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A very energetic supernova associated with the γ-ray burst of 29 March 2003


Over the past five years evidence has mounted that long-duration (>2 s) γ-ray bursts (GRBs)—the most luminous of all astronomical explosions—signal the collapse of massive stars in our Universe. This evidence was originally based on the probable association of one unusual GRB with a supernova1, but now includes the association of GRBs with regions of massive star formation in distant galaxies2,3, the appearance of supernova-like ‘bumps’ in the optical afterglow light curves of several bursts4,5,6 and lines of freshly synthesized elements in the spectra of a few X-ray afterglows7. These observations support, but do not yet conclusively demonstrate, the idea that long-duration GRBs are associated with the deaths of massive stars, presumably arising from core collapse. Here we report evidence that a very energetic supernova (a hypernova) was temporally and spatially coincident with a GRB at redshift z = 0.1685. The timing of the supernova indicates that it exploded within a few days of the GRB, strongly suggesting that core-collapse events can give rise to GRBs, thereby favouring the ‘collapsar’ model8,9.

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Figure 1: Spectral evolution of the combined optical flux density, fλ, of the afterglow of GRB030329, the associated SN2003dh, and its host galaxy.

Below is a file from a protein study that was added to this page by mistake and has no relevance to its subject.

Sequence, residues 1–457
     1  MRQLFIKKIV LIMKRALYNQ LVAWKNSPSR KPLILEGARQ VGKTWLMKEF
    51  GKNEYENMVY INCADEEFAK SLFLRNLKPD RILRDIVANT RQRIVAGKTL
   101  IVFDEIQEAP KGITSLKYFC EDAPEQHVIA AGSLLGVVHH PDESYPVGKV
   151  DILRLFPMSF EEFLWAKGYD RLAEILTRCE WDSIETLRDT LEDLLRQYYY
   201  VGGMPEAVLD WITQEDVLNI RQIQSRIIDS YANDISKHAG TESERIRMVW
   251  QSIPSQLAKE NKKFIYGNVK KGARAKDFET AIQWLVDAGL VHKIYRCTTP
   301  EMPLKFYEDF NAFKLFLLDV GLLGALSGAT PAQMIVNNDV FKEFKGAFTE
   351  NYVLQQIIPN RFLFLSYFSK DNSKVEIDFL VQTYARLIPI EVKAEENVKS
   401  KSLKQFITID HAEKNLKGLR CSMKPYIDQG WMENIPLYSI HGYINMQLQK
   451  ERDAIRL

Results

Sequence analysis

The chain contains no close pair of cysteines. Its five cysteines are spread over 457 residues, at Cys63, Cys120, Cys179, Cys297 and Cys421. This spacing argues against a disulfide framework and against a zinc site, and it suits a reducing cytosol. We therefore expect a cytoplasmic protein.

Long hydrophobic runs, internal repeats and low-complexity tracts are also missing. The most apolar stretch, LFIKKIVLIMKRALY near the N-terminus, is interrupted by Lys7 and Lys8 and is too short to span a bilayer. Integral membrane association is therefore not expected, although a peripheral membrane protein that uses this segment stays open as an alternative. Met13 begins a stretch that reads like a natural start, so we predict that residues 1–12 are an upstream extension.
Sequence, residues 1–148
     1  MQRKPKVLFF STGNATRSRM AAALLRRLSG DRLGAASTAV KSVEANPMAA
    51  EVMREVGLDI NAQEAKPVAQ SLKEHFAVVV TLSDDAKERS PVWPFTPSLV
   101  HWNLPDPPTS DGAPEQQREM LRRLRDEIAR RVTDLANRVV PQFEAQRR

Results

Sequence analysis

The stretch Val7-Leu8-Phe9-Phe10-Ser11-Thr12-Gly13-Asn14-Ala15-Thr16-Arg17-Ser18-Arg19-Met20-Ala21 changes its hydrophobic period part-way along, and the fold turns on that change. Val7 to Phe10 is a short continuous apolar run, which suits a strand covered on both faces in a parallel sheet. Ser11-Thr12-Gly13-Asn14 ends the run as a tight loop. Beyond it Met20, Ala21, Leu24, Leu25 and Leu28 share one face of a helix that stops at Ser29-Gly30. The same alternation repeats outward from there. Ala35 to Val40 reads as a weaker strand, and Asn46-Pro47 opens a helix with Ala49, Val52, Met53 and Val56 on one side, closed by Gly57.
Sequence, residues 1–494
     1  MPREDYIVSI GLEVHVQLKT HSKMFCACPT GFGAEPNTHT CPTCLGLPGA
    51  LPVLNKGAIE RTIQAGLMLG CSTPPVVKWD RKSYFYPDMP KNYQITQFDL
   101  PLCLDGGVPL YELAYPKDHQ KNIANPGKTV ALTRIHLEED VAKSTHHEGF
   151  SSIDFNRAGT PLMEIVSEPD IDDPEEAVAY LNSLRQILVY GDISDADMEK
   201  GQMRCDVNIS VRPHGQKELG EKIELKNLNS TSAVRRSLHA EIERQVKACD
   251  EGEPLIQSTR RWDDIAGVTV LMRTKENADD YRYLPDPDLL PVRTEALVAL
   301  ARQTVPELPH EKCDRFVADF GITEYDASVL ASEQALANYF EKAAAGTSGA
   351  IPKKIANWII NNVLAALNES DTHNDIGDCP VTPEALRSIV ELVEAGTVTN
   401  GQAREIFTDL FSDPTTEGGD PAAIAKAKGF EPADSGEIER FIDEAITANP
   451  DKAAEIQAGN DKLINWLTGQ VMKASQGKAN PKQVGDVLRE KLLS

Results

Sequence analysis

Figure 2: Comparison of the spectral evolution of SN2003dh and SN1998bw.
Figure 3: Light curves and expansion velocities of SN2003dh and SN1998bw.


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We thank F. Patat for discussions. This paper is based on observations collected by the Gamma-Ray Burst Collaboration at ESO (GRACE) at the European Southern Observatory, Paranal, Chile. We thank the ESO staff at the Paranal Observatory, in particular N. Ageorges, P. Gandhi, S. Hubrig, R. Johnson, C. Ledoux, K. O'Brien, R. Scarpa, T. Szeifert and L. Vanzi, for their help in securing the service mode data reported here. We acknowledge benefits from collaboration within the EU FP5 Research Training Network “Gamma-Ray Bursts: An Enigma and a Tool”. This work was also supported by the Danish Natural Science Research Council (SNF). J.P.U.F. and K.P. acknowledge support from the Carlsberg Foundation.

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Hjorth, J., Sollerman, J., Møller, P. et al. A very energetic supernova associated with the γ-ray burst of 29 March 2003. Nature 423, 847–850 (2003).

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